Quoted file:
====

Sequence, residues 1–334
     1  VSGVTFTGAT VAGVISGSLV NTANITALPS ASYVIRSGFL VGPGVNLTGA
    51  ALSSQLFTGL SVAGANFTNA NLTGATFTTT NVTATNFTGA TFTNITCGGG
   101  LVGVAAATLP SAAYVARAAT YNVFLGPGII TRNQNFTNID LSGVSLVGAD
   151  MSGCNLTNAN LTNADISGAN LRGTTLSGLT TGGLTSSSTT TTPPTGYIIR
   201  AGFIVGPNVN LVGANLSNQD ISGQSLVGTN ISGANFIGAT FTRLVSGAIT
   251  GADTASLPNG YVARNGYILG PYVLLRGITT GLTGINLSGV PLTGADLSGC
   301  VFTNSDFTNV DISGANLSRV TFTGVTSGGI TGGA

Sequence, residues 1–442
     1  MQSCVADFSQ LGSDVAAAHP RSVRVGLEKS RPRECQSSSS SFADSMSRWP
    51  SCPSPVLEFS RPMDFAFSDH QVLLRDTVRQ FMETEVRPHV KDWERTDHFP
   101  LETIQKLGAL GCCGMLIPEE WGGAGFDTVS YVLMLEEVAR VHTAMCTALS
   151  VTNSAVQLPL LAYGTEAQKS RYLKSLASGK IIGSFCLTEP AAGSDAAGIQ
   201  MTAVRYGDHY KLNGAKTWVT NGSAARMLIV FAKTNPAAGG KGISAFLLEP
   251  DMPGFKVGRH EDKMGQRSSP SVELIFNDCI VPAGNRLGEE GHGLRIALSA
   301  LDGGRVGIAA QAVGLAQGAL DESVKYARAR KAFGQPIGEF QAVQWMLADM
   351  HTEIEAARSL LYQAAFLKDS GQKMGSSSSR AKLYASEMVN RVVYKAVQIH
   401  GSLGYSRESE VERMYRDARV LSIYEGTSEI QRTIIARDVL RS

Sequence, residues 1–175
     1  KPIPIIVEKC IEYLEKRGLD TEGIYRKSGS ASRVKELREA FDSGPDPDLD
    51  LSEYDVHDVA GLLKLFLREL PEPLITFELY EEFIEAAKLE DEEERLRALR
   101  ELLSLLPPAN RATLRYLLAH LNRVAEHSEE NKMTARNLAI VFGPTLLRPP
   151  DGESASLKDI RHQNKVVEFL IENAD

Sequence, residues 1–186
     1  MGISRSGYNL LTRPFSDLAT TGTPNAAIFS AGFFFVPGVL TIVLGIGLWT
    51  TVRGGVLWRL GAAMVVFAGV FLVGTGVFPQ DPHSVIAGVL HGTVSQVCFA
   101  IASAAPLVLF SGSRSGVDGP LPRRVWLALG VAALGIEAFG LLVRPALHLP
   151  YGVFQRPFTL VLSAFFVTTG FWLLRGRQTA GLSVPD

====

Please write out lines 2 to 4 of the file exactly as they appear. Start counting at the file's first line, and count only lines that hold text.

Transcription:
     1  VSGVTFTGAT VAGVISGSLV NTANITALPS ASYVIRSGFL VGPGVNLTGA
    51  ALSSQLFTGL SVAGANFTNA NLTGATFTTT NVTATNFTGA TFTNITCGGG
   101  LVGVAAATLP SAAYVARAAT YNVFLGPGII TRNQNFTNID LSGVSLVGAD